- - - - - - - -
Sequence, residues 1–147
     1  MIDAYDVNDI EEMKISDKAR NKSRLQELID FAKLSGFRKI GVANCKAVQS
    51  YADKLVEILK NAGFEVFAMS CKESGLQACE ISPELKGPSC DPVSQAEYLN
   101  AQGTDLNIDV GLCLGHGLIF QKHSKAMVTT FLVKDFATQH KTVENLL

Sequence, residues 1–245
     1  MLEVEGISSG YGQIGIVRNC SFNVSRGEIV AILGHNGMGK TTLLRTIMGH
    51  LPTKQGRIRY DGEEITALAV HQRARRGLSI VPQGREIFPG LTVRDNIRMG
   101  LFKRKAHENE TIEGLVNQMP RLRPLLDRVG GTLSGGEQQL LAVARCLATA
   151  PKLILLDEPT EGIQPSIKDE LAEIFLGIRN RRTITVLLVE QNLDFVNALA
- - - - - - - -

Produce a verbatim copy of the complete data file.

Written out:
Sequence, residues 1–147
     1  MIDAYDVNDI EEMKISDKAR NKSRLQELID FAKLSGFRKI GVANCKAVQS
    51  YADKLVEILK NAGFEVFAMS CKESGLQACE ISPELKGPSC DPVSQAEYLN
   101  AQGTDLNIDV GLCLGHGLIF QKHSKAMVTT FLVKDFATQH KTVENLL

Sequence, residues 1–245
     1  MLEVEGISSG YGQIGIVRNC SFNVSRGEIV AILGHNGMGK TTLLRTIMGH
    51  LPTKQGRIRY DGEEITALAV HQRARRGLSI VPQGREIFPG LTVRDNIRMG
   101  LFKRKAHENE TIEGLVNQMP RLRPLLDRVG GTLSGGEQQL LAVARCLATA
   151  PKLILLDEPT EGIQPSIKDE LAEIFLGIRN RRTITVLLVE QNLDFVNALA